Boris Johnson: Khan Prefers ‘Politically Correct Virtue-signalling’ to Fighting Crime

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Sadiq Khan’s predecessor as Mayor of London has accused him of indulging in “politically correct virtue-signalling” while crime takes over the capital.

Boris Johnson, who served two terms as London Mayor before returning to frontline parliamentary politics in 2016, described Sadiq Khan’s “abject failure… either to grip the problem, or even to take responsibility” as an “outrage” in a column for The Telegraph.

“He blames funding (when he was left with a large war chest by me); he blames the Tory Government; he blames society,” wrote the Uxbridge and South Ruislip MP.

“He blames everyone but himself, when it is his paramount duty to keep Londoners safe. It is a pathetic performance.”

Johnson claimed that when he took office in 2008, the first thing his team did was “cast political correctness to the winds, and [begin] a big programme to take the knives off the streets” by using police stop-and-search powers against suspected gang members.

He contrasted this position with that of Sadiq Khan, who vowed he would “do all in my power” to slash the number of stop-and-searches — which were, in fact, already falling — while campaigning to succeed Johnson in 2015.

Khan, who made his name as a publicity-hungry ‘human rights’ lawyer for dubious clients such as Nation of Islam leader Louis Farrakhan before rising to the left-wing Labour Party’s front ranks, argued that stop-and-search was being deployed in a racist manner, with black and ethnic minority youths more likely to be searched than their white counterparts.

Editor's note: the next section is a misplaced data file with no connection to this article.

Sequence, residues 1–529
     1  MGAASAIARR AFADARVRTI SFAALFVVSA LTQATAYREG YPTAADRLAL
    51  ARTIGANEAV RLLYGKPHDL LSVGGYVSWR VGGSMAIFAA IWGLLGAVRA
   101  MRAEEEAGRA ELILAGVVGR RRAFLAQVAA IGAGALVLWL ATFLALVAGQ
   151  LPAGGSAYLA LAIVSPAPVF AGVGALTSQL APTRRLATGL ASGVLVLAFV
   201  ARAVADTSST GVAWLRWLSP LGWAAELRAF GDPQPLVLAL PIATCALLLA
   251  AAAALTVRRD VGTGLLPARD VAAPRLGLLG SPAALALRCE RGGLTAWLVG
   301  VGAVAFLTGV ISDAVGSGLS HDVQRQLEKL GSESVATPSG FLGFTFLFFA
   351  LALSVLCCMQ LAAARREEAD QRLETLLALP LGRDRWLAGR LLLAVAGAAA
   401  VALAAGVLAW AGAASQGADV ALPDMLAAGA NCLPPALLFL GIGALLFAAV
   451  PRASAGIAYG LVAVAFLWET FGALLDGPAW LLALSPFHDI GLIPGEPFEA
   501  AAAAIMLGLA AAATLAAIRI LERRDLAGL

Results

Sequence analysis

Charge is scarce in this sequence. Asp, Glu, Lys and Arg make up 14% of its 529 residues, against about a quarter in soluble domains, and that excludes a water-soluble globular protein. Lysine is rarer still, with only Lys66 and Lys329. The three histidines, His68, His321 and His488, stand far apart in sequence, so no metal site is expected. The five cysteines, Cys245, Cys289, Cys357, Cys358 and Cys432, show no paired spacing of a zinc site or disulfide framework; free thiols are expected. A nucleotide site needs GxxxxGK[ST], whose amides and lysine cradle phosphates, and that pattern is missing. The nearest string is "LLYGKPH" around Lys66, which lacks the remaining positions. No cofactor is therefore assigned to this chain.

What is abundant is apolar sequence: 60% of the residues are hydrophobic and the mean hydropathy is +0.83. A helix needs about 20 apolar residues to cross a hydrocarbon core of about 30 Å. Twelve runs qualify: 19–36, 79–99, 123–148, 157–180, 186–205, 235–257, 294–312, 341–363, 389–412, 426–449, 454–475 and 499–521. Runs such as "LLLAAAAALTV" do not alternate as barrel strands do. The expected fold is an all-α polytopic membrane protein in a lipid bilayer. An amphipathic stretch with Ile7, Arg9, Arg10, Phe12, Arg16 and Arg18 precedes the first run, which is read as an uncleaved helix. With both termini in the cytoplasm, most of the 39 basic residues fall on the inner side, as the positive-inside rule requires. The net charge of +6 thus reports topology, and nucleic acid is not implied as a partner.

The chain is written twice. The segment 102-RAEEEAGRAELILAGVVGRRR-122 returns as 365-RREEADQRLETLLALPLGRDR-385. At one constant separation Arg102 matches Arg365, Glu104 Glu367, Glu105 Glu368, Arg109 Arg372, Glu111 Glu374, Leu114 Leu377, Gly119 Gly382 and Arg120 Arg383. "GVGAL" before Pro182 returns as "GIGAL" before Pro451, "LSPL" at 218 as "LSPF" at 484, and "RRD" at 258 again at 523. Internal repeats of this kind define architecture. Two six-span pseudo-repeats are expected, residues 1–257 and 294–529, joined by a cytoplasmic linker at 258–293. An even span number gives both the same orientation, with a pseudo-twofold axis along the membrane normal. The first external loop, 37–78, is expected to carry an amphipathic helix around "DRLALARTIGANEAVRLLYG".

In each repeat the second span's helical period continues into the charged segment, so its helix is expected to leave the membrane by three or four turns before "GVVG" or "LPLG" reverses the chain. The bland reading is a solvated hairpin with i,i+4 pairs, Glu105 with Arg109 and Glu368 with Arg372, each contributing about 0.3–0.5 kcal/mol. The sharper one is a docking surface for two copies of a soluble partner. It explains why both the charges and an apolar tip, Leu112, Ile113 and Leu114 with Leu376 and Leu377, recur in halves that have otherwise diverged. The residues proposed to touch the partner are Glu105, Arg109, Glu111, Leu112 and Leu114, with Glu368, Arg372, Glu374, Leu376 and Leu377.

Politically incorrect politicians such as Philip Davies MP have argued that this is simply because ‘BAME’ youths are statistically more likely to be perpetrators and victims of violent crime, and that it actually more likely for white individuals to be searched without cause than non-white people — but much of the British left remains adamantly opposed to stop-and-search to this day.

Khan was forced to completely reverse his position on stop-and-search in early 2018 as youth homicide, acid attacks, stabbings, and even shootings surged across London, with the violence now beginning to spill out of the capital and into neighbouring towns and suburbs in so-called ‘county lines’ crimes.

Johnson also jabbed at Theresa May, who as Home Secretary under the David Cameron administration also pushed for stop-and-search to be curtailed, remarking that it was “certainly a serious mistake in 2015 for the Home Office to order a move away from stop-and-search” — even if it was ultimately up to Khan to stand up to “caterwauling” from his “left-wing base” and provide a “moral and political lead”.

The aside may have been a shot across the bows for the Prime Minister, with Johnson having recently resigned as her government’s Foreign and Commonwealth Secretary on grounds that her Brexit strategy risked turning the United Kingdom into an EU “colony”.

It is widely expected that, should Tory Brexiteers mount a leadership challenge against Remain-supporting Mrs May, Johnson would be their candidate of choice.

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